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 Texas : Features : Columns : Lone Star Diary :

Hazel's Whip
or "Freight hauler with a sense of humor"

by Murray Montgomery
Murray Montgomery
Recently, I made the observation that not many feature stories were written in the small-town newspapers back in the early 1900s. As fate would have it, after making that remark, I came across several articles in the old Hallettsville Herald that I found to be very interesting, if not downright hilarious.

Take for example the one about a fellow known simply as "Hazel" - back in 1902 it seems he had several adventures that were quite humorous and I would like to share them with you this week. Squire Townsend, a well-known Hallettsville judge, told the story to the paper.

The following article is printed just as it appeared when first published.


Hallettsville Herald - February 6, 1902

"In the early days of Hallettsville before the whistle of the iron horse was heard, and freighting between this place and Port Lavaca and Houston was engaged in extensively," said Squire Townsend while in a reminiscent mood. "There lived a man named Hazel in the northern edge of the county, who engaged in the business.

"Hazel was a big, rough fellow with a streak of humor in his composition and who was one of the most expert men with the bull whip I ever saw. His power was the pride of his comrade freighters.

"I remember an incident that happened in Houston which will illustrate Hazel's deft handling of the whip. Hazel had stopped his team of six mules in front of a hotel and was conversing with a friend. A drummer - one of the first of that profession in Texas - hailing from New York, was standing near by.

"A big horse fly lit on the ear of a mule leader. Hazel, without moving from his lounging attitude, swung his black snake [whip] through the air, nipping the fly from the ear, with the end of the curling lash, without touching the ear.

"The astonished drummer could not believe but what was an accident, and Hazel offered to wager a dollar that he could pin another fly to the drummer's pants and repeat the trick.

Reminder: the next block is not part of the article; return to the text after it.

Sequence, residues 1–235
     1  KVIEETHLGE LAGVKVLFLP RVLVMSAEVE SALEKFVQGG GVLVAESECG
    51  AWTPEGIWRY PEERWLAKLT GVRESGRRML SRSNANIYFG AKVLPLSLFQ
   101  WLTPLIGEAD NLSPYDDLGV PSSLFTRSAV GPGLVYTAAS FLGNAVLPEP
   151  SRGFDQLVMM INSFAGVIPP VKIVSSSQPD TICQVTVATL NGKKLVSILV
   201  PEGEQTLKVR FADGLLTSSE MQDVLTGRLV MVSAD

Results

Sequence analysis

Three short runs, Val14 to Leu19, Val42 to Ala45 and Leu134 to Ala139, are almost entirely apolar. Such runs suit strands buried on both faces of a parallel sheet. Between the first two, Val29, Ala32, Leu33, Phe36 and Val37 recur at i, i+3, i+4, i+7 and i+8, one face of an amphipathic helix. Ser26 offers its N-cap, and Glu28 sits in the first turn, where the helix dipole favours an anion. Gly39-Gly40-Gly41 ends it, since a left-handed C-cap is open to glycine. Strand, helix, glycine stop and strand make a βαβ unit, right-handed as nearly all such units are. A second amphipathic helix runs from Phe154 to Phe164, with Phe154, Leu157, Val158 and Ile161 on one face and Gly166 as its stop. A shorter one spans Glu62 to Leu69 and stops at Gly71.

"The wager was accepted, a fly caught and pinned to the drummer's pants above the knee. Hazel carefully stepped back the requisite distance and balanced his whip. There was a twinkle in his eye and his friends waited expectantly. Again the lash swished through the air, and mingled with the pistol like clap, came an agonized yell from the drummer that could have been heard half a mile.

"The lash made a keen slit in the fellow's pants and flesh like a knife cut. Hazel paid his wager, but contended that he was due another chance as he had slightly miscalculated the distance. Needless to say the drummer refused.

"The same Hazel had a voice half bass and half tenor. When speaking he would start with the base, and then break into a finer tone which made it sound as if two distinct persons were talking.

"One evening just about dark, while in Houston, and under the influence of liquor, he went out walking. An abandoned well lay in his path, and it was his luck to fall in. The well was just deep enough to make it impossible to climb out.

"He yelled for help and an Irish laborer came along. 'Help me out of here,' called Hazel, his voice breaking from base to tenor. The Irishman turned away in disgust saying, 'Faith there be two of yez, why the devil don't yez help each other out,' and left Hazel in his uncomfortable position."

Murray Montgomery
Lone Star Diary February 13, 2009 Column
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